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IAEA INPRO Forum Tackles Opportunities and Challenges in Small Modular Reactors

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In his video address, IAEA Deputy Director General Mikhail Chudakov underlined that the IAEA can play an important role in supporting Member States with established nuclear power programmes and potential newcomers in addressing technology requirements of both users and holders. (Photo: IAEA)

There is increasing interest in the development and deployment of small modular reactors (SMRs) as a cleaner alternative to fossil fuels and for reducing greenhouse gas emissions. In light of such growing interest, a major IAEA meeting, the 17th Dialogue Forum of the International Project on Innovative Nuclear Reactors and Fuel Cycles (INPRO), held last week in Ulsan, Republic of Korea, focused on the opportunities and challenges related to SMRs.

With some 50 concepts at various stages of development and deployment around the world, SMRs have the potential to meet the needs of a wide range of users and to be a low carbon replacement option for ageing fossil fuel fired power plants. They also display enhanced safety features and are suitable for non-electric applications, such as heating and water desalination. These reactors have advanced engineering features, are deployable either as a single or multi-module plant, and are designed to be built in factories and shipped to utilities for installation as demand arises.

SMRs do face some challenges, including a need for countries to develop a resilient supply chain and robust regulatory framework based on the IAEA safety standards. “Though significant advancements have been made in various SMR technologies in recent years, some technical issues still attract attention in the industry,” said IAEA Deputy Director General and Head of the Department of Nuclear Energy, Mikhail Chudakov, at the 17th INPRO Dialogue Forum that gathered 142 experts from 22 Member States.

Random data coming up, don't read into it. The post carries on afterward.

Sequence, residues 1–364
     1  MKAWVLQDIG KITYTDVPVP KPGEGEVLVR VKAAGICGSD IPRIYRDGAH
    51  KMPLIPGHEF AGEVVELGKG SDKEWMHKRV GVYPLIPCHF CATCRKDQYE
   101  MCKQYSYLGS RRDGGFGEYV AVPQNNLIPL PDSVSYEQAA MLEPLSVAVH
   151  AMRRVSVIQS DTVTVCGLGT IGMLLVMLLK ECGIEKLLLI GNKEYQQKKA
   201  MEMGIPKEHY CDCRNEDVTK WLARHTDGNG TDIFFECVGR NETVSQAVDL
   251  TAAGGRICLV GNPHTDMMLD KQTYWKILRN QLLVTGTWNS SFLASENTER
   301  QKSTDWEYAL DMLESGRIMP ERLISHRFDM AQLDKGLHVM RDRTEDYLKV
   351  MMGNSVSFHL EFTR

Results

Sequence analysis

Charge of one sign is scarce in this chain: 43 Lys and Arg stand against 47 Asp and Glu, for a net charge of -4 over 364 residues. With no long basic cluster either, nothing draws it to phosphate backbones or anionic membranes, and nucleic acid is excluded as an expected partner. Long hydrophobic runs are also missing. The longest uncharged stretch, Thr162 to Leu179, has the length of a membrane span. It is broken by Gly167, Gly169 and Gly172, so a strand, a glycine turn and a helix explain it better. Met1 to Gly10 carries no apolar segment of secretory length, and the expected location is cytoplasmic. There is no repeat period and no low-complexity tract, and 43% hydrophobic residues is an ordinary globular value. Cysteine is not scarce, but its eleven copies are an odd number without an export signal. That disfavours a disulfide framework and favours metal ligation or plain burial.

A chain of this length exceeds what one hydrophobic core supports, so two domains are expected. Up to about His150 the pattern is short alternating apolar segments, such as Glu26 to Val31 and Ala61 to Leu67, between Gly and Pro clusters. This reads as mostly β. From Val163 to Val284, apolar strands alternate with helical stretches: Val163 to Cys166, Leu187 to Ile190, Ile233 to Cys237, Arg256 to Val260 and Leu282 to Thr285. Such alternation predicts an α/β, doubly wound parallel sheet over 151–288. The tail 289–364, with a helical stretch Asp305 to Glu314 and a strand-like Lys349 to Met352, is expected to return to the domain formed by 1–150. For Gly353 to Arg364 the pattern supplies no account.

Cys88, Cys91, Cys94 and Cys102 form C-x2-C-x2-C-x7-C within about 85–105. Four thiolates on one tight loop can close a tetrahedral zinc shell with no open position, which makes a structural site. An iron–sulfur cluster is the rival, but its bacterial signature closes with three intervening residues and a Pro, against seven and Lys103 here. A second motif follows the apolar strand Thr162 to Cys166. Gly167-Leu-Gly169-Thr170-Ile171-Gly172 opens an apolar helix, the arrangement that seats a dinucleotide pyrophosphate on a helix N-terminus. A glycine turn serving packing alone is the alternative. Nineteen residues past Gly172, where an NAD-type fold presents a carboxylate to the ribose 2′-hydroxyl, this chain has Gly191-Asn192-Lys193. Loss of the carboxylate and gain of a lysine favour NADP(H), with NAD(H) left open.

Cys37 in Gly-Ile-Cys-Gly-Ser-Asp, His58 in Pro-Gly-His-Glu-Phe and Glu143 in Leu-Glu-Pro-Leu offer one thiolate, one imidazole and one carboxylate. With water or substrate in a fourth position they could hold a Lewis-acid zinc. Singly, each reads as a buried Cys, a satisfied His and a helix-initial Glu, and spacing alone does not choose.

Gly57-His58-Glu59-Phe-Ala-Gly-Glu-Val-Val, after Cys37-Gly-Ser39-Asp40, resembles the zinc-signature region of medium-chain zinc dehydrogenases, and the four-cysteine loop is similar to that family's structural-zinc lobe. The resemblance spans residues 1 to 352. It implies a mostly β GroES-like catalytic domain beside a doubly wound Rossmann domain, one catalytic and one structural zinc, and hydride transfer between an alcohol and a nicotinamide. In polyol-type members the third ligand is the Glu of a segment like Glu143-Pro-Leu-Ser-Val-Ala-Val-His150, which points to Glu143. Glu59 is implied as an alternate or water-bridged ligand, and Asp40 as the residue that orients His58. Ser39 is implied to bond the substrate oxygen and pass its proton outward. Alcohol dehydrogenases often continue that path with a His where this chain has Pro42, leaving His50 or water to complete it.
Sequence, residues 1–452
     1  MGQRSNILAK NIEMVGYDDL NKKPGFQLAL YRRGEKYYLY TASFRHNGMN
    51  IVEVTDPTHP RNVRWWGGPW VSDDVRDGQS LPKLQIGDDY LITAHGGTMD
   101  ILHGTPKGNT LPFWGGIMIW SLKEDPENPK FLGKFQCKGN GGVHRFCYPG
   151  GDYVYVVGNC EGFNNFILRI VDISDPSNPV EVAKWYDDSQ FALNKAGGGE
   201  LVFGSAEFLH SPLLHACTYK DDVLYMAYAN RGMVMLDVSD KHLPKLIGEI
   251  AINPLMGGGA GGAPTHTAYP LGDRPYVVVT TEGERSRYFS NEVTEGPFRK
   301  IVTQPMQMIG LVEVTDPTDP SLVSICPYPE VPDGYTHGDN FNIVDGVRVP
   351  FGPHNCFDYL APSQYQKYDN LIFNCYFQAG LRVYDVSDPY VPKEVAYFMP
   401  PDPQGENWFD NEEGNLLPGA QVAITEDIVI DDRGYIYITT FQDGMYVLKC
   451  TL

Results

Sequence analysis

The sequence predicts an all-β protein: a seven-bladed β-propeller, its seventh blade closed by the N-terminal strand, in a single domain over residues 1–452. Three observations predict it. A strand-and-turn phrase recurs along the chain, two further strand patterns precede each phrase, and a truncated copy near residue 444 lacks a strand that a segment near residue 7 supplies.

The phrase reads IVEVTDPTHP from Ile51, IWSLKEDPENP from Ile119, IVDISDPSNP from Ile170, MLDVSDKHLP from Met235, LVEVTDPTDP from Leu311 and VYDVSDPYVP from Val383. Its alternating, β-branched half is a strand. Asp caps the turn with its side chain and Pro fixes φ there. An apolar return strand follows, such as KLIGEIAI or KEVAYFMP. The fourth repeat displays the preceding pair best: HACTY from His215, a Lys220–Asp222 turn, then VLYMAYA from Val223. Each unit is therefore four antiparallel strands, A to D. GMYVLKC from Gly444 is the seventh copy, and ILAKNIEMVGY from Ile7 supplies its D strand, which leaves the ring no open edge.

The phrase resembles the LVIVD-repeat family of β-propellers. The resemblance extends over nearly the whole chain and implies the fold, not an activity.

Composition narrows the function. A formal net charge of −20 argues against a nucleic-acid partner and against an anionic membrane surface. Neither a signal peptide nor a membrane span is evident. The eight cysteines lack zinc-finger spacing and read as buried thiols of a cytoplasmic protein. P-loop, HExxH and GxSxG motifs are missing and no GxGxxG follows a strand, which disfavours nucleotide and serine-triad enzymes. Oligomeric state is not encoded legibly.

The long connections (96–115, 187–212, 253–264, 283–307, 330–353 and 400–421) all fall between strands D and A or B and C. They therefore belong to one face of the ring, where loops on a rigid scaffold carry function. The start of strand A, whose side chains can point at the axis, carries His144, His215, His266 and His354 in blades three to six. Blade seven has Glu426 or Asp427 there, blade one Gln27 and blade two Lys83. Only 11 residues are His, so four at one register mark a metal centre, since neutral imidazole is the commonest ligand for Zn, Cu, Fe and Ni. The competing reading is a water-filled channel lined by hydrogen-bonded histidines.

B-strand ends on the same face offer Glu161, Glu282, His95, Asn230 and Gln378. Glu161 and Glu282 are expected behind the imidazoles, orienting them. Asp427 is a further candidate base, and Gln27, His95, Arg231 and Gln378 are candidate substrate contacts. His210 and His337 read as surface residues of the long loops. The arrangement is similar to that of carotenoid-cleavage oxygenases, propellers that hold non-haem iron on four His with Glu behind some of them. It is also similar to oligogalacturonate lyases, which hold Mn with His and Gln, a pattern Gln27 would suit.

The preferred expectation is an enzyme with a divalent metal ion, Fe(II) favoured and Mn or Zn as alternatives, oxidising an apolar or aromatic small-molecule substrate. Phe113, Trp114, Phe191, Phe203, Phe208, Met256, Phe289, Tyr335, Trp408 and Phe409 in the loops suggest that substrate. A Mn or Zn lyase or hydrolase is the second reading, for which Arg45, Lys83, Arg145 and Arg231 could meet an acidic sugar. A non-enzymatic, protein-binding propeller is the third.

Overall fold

“This is where the Agency can play an important role in supporting countries with established nuclear power programmes and potential newcomers in addressing technology requirements of both users and holders.”

The Dialogue Forum not only focused on technological innovations, but also on institutional aspects, such as market, resources, effects of regulation and public acceptance issues that are affecting SMRs. 

Geni Rina Sunaryo, Director of Reactor Technology and Safety Assessment Center at Indonesia’s National Nuclear Energy Agency (BATAN), said: “Coming from a country interested in SMRs, such forums give us a chance for face-to-face dialogue with experts and counterparts from various countries. Sharing experiences and receiving precise technical information will help Indonesia make the correct decision in identifying and choosing the technology most suitable to meet national and regional energy needs.”

The Agency can play an important role in supporting countries with established nuclear power programmes and potential newcomers in addressing technology requirements of both users and holders.
Mikhail Chudakov, IAEA Deputy Director General

Background

The International Project on Innovative Nuclear Reactors and Fuel Cycles (INPRO) was established in 2000 to support its members on their long term planning and collaboration on innovations in reactors, fuel cycles and institutional approaches that will promote the sustainable development of nuclear energy. Currently, 41 IAEA Member States and the European Commission (EC) are members of INPRO. Its Dialogue Forums offer a platform for technology holders, technology users and other stakeholders from all interested IAEA Member States so that technology holders can better understand the needs and concerns of technology users, and users can better understand the possibilities and limitations of technology holders associated with the development and deployment of innovative nuclear energy systems.

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